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Soil Problems Affecting Plants

It all starts with your soil. Your garden soil (or the soil in your planter) is vital for the strong and healthy growth of your plants. Plain and simple...without good soil, you won't have good plants.

If your plants are not healthy, appear stunted, are not producing flowers or fruit, or are growing slowly, soil problems may likely be the culprit. In the absence of other obvious problems, examining your soil's health is a first step. 

Here are some of the common soil, problems and what to do about them:

pH level- This is the measure of alkalinity or acidity of your soil. On a scale of 0 to 14, 7 is a neutral pH. Most plants like soil at or near the neutral point. Some plants prefer a slightly neutral soil. Others, like a slightly acidic soil. Plants can't grow in soils that are extremely acidic or alkaline.

The first step is to test your soil to identify the pH level. A simple soil tester will do. If your soil is neutral...great! If it is acidic, add lime. If it is alkaline, add compost and manure.

Find the ideal pH level for a wide range of plants.

Fertilizers- All plants need adequate amounts of Nitrogen, Potassium, and Phosphorous to fuel and maintain a healthy plant growth.  Your soil can have too much or too little of these invaluable fertilizers. How do you know? Again, a soil test provides the answer. Armed with the results of the soil test, you can add fertilizer, and in the correct proportions.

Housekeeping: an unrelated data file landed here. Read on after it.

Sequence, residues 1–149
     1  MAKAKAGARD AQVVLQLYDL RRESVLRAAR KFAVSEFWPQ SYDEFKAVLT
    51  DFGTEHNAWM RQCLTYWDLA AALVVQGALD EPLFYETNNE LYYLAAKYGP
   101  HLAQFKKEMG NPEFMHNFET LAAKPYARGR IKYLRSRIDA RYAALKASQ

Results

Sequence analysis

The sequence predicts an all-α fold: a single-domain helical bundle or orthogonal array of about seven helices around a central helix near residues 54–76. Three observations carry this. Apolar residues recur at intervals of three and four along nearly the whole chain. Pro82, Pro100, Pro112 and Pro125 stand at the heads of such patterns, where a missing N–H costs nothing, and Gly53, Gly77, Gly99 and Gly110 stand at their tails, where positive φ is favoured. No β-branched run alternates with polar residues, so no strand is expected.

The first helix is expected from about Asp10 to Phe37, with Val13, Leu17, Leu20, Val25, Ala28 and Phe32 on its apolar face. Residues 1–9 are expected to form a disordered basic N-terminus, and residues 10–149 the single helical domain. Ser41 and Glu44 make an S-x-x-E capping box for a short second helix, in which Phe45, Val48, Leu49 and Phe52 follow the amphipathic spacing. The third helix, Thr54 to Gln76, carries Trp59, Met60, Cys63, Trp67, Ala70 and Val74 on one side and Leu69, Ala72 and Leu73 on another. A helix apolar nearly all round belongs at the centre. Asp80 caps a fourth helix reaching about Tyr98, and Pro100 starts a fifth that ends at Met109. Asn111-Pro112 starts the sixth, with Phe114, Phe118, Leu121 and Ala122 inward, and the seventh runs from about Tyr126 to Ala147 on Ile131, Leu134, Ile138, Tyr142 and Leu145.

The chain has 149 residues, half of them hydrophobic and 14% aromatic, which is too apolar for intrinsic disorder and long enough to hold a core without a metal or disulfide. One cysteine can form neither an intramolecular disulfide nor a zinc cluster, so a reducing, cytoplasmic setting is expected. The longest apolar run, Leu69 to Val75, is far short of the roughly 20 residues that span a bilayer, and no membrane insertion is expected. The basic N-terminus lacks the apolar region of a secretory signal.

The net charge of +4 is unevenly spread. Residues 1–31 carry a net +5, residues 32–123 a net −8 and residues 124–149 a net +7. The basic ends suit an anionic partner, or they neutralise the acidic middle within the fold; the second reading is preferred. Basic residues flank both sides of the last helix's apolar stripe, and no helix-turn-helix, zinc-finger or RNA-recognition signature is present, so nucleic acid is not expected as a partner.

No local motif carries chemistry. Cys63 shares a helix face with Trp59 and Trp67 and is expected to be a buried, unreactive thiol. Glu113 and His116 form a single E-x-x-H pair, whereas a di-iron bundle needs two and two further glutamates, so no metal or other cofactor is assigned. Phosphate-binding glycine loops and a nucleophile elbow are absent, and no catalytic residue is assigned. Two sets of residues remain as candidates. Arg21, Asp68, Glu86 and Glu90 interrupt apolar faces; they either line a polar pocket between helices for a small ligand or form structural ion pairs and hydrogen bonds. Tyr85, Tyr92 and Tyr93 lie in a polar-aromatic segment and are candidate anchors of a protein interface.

Micro-nutrients- are a wide range of elements that are needed by your plants in small amounts. Micro-nutrients contributes to plant health and vigor in many ways, Some aid in photosynthesis, some help the plant to manage metabolism, some aid in cell division, while others assist the plant to take up nutrients. Learning about micro-nutrients is a major study all to itself. The easy fix is to do a comprehensive soil test. This can be done by your local Cooperative Extension Service.

Some people assume their soil needs replenishment, and seek fertilizers that contain a mixture of micro-nutrients.

Compaction- Heavy soils can become hard, almost rock-like. This is common with clay soils. But, other garden soils can become compacted, too. Compacted soils are difficult for roots to grow in. It also makes it difficult for oxygen, water and fertilizers to spread through the soil and reach the roots. 

Adding ample amounts of compost and other organic matter will increase soil friability, and keep soils looser. Frequent turning or hoeing the soil will also help.

Soil borne disease- It's not too common, but it can happen. The only way  to be certain is to have a soil test performed. If you suspect a soil borne disease, the best fix is to move your garden to another area, and leave  the affected area fallow for two to three years.






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